We’re only a month into spring proper, but seasoned foragers have already been dining on the many wild edibles that have popped up so far. I’ve personally thus far enjoyed dandelion, chickweed, elm samaras, redbud blossoms, wisteria blooms (which some guides caution against), black locust flowers, garlic mustard, Japanese knotweed, wild lettuce and greenbrier shoots, among others.
Greenbrier shoots (Smilax) are worth noting because even though they start earlier, they’re still out and ready to be snapped off and enjoyed raw or cooked.
While I could have highlighted a less often found native plant, I usually let those be and opt for something more plentiful like Smilax rotundifolia. Some actually consider this an invasive to gardens and hedges because as a vigorously growing vine, it can pierce even the thickest patch of intentionally planted ornamentals. But it’s really not something I’ve ever seen get out of hand and completely take over an area, like kudzu (another wild edible).
Some foragers have described the Smilax shoot as looking like a walking stick. And, in fact, its most readily enjoyed portion — the end of the vine, which snaps off with only a light pinch and tug — is reminiscent of some kind of creepy-crawly insect with a pencil-long thorax and abdomen and two long, wiry crossing terminal tendrils. I’ve freaked myself out by just closing my eyes and gently brushing one against the side of my neck.
A nice thing about foraging for Smilax is that it’s fairly easy to identify. While there are vines around Asheville that are poisonous, like American bittersweet (Celastrus scandens), none of them are quite identical to Smilax. I will say, though, that how closely a wild edible does or does not resemble a poison plant is often directly proportional to the forager’s experience.
When I first started foraging, I was worried about mistaking green-headed coneflower for water hemlock, but I now see absolutely no similarity between the two. Be careful, too, that you’re mindful when plucking Smilax shoots because it’s easy to get excited and yank other plants — which may be toxic — in with your catch. I found myself doing this the other day when, in snatching up handfuls of chickweed, I noticed poisonous vetch laced throughout.
Eaten around the world, Smilax is a popular wild food. I enjoy eating the green shoots raw, but I like them even more cooked in a pan lightly coated with olive oil or cut into lengths of 6-8 inches and steamed along with other veggies. Some have likened these shoots to asparagus, but, to me, the flavor is nothing like that. In fact, wild foods in general taste so different from anything at the grocery store, there’s usually no good comparison.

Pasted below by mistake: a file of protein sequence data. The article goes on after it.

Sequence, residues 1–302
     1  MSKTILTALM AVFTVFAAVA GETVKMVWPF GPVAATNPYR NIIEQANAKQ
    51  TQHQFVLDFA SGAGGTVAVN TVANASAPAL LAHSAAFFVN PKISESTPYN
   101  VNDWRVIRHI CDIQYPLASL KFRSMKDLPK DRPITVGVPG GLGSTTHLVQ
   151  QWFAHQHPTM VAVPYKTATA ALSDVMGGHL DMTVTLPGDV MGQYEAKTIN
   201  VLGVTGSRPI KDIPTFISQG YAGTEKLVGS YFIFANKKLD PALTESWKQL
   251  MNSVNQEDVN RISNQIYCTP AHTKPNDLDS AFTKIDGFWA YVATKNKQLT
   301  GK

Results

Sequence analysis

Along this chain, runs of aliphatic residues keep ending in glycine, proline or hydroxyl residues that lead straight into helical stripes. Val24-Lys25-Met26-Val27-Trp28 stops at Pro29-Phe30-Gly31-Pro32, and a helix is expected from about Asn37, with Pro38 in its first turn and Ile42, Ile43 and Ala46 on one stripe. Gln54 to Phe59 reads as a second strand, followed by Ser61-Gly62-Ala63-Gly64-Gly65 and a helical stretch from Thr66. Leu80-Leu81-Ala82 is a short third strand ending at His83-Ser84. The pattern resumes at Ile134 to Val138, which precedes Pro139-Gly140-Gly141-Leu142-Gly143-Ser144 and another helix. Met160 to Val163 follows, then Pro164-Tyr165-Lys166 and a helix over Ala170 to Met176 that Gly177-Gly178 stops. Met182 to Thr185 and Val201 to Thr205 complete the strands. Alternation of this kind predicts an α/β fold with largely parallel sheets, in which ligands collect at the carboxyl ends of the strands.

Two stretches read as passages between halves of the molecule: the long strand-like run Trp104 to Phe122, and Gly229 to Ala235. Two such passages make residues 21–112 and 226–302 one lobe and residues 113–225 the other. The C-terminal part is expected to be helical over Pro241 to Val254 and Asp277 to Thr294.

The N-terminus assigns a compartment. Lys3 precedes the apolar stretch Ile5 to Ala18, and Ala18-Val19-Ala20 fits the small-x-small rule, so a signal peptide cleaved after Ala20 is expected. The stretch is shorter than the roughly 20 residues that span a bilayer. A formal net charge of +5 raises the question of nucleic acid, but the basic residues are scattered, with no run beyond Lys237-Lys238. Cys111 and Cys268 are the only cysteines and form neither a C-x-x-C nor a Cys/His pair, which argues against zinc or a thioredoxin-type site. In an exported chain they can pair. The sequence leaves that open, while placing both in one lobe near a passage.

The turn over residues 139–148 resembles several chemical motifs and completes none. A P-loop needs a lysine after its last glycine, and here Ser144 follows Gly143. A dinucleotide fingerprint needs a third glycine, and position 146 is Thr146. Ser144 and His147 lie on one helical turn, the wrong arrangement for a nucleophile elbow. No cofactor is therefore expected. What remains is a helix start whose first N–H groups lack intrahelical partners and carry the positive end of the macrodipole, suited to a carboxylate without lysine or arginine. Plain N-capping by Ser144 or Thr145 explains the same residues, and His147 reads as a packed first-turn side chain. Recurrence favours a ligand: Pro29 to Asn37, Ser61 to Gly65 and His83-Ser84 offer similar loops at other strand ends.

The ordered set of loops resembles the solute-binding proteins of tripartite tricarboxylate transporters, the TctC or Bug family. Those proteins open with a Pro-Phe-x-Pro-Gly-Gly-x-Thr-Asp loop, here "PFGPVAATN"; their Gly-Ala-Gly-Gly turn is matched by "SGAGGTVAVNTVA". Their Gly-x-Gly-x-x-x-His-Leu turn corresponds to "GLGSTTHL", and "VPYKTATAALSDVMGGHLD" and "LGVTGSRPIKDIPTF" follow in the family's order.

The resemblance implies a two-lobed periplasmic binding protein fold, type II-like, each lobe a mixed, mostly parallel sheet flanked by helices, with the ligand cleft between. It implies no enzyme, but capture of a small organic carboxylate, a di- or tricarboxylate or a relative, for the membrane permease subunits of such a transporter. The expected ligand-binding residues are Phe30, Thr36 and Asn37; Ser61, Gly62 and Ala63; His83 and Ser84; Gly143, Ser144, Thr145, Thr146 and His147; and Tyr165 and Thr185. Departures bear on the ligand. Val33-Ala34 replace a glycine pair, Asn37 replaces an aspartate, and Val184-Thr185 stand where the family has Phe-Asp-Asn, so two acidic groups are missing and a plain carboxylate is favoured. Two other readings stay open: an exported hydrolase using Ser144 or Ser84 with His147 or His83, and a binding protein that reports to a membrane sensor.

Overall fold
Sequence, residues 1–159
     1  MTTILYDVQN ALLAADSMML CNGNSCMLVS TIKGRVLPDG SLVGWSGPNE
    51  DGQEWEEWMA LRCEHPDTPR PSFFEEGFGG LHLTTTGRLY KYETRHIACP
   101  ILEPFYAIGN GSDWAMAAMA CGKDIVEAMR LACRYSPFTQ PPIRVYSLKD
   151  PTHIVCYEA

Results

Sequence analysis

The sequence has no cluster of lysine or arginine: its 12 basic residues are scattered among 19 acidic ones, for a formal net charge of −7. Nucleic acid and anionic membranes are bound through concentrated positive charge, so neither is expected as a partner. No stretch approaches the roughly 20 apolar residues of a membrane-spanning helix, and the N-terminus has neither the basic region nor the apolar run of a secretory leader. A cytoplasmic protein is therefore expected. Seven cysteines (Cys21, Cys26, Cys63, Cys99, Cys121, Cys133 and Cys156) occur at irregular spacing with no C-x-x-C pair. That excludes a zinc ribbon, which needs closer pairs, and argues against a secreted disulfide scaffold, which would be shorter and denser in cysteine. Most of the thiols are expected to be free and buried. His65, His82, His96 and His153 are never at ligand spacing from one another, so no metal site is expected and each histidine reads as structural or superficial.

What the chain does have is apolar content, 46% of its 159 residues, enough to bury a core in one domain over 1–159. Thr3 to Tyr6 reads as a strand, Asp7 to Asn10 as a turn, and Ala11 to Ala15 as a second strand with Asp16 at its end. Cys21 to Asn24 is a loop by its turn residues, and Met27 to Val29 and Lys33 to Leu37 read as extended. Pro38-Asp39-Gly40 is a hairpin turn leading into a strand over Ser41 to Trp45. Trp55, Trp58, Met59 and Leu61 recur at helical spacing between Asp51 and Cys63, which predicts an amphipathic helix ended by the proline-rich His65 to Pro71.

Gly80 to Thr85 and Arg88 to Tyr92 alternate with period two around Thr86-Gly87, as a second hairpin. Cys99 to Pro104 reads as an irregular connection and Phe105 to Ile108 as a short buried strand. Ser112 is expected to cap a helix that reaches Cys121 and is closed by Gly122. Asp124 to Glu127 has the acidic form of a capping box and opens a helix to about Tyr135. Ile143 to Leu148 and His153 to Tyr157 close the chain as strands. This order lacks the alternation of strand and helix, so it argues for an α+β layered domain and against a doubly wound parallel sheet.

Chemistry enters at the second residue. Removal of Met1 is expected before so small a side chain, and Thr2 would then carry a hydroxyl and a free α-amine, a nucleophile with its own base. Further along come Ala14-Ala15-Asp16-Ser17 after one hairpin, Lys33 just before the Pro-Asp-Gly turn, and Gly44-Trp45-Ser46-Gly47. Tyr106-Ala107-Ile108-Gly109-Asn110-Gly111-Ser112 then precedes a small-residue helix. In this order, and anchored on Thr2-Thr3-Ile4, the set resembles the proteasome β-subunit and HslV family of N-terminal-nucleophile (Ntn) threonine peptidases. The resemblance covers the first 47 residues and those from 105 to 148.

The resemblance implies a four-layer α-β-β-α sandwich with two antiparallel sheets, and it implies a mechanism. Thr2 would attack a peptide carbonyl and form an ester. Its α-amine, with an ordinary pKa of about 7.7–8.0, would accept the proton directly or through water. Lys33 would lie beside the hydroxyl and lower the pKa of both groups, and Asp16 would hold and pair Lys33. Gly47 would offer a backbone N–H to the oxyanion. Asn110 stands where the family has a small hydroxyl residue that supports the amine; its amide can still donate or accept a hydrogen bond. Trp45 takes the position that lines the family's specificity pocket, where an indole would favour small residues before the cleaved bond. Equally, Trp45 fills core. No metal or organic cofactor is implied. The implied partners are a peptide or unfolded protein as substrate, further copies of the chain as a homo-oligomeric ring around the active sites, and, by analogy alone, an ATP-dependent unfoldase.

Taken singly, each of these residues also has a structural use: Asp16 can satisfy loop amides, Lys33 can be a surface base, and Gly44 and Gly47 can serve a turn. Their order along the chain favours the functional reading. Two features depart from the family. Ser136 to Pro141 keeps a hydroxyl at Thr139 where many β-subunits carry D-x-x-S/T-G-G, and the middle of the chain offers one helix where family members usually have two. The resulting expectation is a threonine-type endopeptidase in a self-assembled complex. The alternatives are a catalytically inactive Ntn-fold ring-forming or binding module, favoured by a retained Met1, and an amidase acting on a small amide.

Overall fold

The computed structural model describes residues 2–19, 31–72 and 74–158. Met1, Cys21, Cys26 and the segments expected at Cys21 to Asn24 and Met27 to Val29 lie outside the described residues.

Many plants, like rhubarb, have some parts that are edible and others that are toxic. Other parts of the Smilax vine are said to be usable as well, such as the berries (when old) or roots for teas or root beers. I haven’t tried either, as when I have made root beer, I’ve used sassafras (Sassafras, albidum) (as well as enjoyed its young leaves in salads) and black birch (Betula, lenta).
I attended a wild edible plant workshop the other day in which the instructor talked about how dangerous edible mushrooms can be to pick because of the difficulty in distinguishing them from poisonous look-alikes. He went on to say that plants, with a couple of exceptions such as poison hemlock, are pretty safe. The late respected plant teacher Frank Cook once instructed me, “Reach out and grab a handful of plants, and what you’ll get will be mostly edible ones.”
While it’s true that poisonous plants aren’t exactly encircling foragers with torches and hangman’s nooses, there are definitely more than a couple of dangerous varieties to beware of. So, being absolutely certain you have found your wild edible is very important. I still take the time to key out anything I’m uncertain of (using several plants guides for cross-reference) and try new wild edibles in the presence of another forager who has already learned it.
Another thing to remember is that even if the identification of the target wild edible is right, there’s still a chance that an allergy to it could exist or that it could have been sprayed with a pesticide or herbicide. Therefore, knowing where to harvest wild edibles is important as well. The best bet is large tracts of private land where no poison has been used and no toxic dump sites exist. This can be more difficult that it seems. Consider the little-known Superfund site lurking near the seemingly pristine forests of Warren Wilson College. How many have foraged near its red zone without knowing?
Foraging is one of my favorite activities, although it took many years to feel comfortable working up to the amount of wild foods I eat today. Though plant books are essential, the best way to start is with the help of a guide — someone who can show you exactly what to do. Then, practice, practice, practice. Asheville regularly features foraging workshops, wild foods guides and herbal schools. Some of my favorite Asheville-area foraging teachers include Marc Williams, Robin Allison, and Doug Elliott, etc.
Disclaimer: There is inherent risk in foraging. Proceed only in the presence of an expert forager. Experience varies from person to person.